“A crisis does not create character, it reveals it.” After years of economic expansion and a frothy stock market, many organizations’ unsustainable approaches to people, community, and planet are coming to the forefront, and Dennis Leary’s spot-on quote is showing that many leaders’ promises about corporate responsibility were little more than a public relations ploy.

The convergence of pandemic-induced supply constraints, the Black Lives Matter movement, the ESG investing demand, and now an acute labor shortage have forced many companies to take off their grossly-expensive and meticulously-crafted brand masks to reveal their true identity.  The SEC approved Nasdaq’s rules on board diversity and more reporting requirements and standards are on the way.

The sudden surge of transparency demands on business is not only letting the public see what’s behind the corporate veil, but also forcing organizations to consider their “brand” as employers, community members, and environmentalists.  People want to work for organizations that are fair and purposeful.  Companies are being held accountable for breaking the rules and misleading customers.  Investors are finding opportunity in cleaning-up dirty industries and demanding to know exactly how products impact the environment.

In short, organizations now must be clear on who they are, not just what they are worth.

Systems of non-financial accounting are catapulting this process from concept to practice.  How do you treat your people?  Is your community benefitting or hurting from your presence?  What is your impact on the environment?  Instead of just qualitative and subjective answers to those questions, organizations now need to provide quantitative and objective outcomes.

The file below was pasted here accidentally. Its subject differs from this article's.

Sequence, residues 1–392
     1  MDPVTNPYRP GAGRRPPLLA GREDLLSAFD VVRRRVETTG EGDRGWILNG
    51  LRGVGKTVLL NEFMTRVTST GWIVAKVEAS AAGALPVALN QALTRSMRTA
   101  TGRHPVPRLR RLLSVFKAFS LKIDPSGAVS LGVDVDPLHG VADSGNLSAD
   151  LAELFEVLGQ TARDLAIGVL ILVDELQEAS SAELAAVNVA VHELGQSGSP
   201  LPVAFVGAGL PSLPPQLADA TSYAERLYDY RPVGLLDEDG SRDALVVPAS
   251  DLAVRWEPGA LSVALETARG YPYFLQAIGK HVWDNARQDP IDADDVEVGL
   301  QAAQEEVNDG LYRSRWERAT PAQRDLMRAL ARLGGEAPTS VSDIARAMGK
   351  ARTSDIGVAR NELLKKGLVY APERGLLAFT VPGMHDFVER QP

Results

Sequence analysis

The Great Resignation highlights these demands.  People would rather not work than spend their hours toiling for a company that does not share their values.  Even with the pandemic-boosted unemployment benefits coming to end, 95% of organizations are having a harder time finding workers for open positions and talent is the number one challenge on CEOs’ minds.

Decades of careful and expensive research and development have created extremely efficient marketing systems that can target individuals based on their preferences, history, location, activities, photos, email and more.  Yet, at the same time, there has been virtually no innovation in the employee experience and certainly very little progress—as evidenced by both the labor shortage and burnout epidemic.

Organizations need to accelerate progress in how they engage with their people, communities, and environment at a time when they are already being squeezed by other challenges.  But the companies with the courage and foresight to do so will find their way out of crisis and into market leadership, growing not just in their transparency and treatment of all their stakeholders, but also generating more profit.